STS-1When I was in Grade Five, my mom said to me, “You and your sister can stay home this morning from school if you want.”

I was confused.  It was a Friday morning, and I felt fine.  So did my sister.  So I asked why.

Mom explained that there was going to be a news special on TV — that they were going to launch a rocket into space.  It was going to be the first one of its kind — it would go up like a rocket and come down like an airplane — and Mom felt it was important that I watch a part of history.

It was April 10, 1981, and Columbia was sitting on the launch pad at the Kennedy Space Center.  The mission was called STS-1.  Krista and I stayed home and watched…and waited…and watched.

Well, I learned a new word that day: “scrubbed.”  The launch was postponed for the rest of the day due to some sort of computer problem, so Krista and I headed off to school, getting there about halfway through the morning.

When I told Miss White why I was late, she snapped, “Well, I could have told you this morning it wasn’t going to go.”

Everything about that day is burned into my memory.  I settled into my seat feeling chastised and disappointed, but at that moment, the launch of that rocket ship became personal.  It had to fly.

I spent the rest of Friday and all of Saturday asking my mother if she knew when the rocket was going to go.  And on Sunday morning, April 12, 1981, at 8:00 AM AST, I was firmly parked in front of the television when Columbia’s engines lit and that beautiful white bird rose from the launch pad.  I couldn’t breathe — I have tears in my eyes right now, just thinking about it.  I watched until we couldn’t see her anymore, and then I immediately wanted to watch it again.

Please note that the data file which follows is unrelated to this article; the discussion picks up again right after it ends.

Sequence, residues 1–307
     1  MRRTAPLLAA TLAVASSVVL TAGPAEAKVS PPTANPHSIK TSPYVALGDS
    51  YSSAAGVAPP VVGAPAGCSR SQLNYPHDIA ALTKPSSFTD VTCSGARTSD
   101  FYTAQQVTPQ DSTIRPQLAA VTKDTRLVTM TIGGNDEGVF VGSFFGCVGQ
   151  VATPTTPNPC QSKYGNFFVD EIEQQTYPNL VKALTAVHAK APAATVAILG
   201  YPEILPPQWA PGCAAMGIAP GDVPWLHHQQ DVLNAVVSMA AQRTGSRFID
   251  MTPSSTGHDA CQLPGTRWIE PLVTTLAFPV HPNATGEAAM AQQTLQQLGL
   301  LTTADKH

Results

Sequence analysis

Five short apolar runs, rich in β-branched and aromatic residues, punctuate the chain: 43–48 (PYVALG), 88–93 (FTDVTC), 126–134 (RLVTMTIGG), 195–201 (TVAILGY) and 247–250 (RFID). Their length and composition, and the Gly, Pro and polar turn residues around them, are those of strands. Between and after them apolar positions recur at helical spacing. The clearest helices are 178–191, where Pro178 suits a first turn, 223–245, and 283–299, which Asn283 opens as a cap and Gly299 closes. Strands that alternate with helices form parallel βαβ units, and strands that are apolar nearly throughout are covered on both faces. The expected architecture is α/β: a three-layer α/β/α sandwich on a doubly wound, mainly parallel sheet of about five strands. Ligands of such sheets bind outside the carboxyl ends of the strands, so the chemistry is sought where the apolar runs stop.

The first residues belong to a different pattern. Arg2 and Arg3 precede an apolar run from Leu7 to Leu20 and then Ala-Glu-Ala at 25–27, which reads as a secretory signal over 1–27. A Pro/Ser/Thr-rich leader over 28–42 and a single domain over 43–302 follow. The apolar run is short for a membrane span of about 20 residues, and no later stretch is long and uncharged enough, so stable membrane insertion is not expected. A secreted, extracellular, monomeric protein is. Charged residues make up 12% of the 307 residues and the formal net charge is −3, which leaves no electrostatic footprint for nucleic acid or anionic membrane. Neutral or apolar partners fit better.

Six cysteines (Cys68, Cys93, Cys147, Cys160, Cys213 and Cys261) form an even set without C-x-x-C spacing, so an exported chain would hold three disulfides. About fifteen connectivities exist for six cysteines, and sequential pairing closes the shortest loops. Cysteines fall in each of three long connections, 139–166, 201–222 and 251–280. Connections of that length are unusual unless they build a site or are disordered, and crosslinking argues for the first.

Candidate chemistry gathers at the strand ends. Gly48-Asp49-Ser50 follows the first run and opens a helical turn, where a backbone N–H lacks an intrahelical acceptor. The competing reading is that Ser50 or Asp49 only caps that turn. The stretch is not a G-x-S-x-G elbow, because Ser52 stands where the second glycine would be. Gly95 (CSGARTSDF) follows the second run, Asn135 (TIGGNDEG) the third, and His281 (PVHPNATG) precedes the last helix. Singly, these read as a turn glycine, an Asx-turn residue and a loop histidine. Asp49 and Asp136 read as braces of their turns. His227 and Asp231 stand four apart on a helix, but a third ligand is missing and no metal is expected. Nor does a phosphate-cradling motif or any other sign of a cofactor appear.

(By the way — don’t be too hard on Miss White: On the following Tuesday, she rolled a television into the classroom so we could watch Columbia land successfully in California — I wouldn’t have experienced the happy ending of the mission without her.)

It’s been twenty-nine years since Columbia took to the sky.  Since then I’ve watched numerous shuttle launches.  Listening to the communication between the cockpit and Mission Control is something I always enjoy doing, and the sequence has become almost as familiar to me as the words to “O Canada.”  But I hadn’t seen the launch of STS-1 again since I was eleven years old, so one day last week I looked for it on YouTube:

I was mesmerized.  Hearing now-familiar phrases like “Max Q”, “Go for SRB-Sep,”  and “Go for Main Engine Cut-Off” and realizing that was the very first time they were said for a shuttle launch gave me chills.

And, as in 1981, I had to watch it again, and again, and again.

Happy birthday to the Space Shuttle Program, and happy birthday to my space geek self who roared to life along with the space shuttle’s engines.  I will never forget you, Columbia.

(originally posted on My Created Life: April 12, 2010)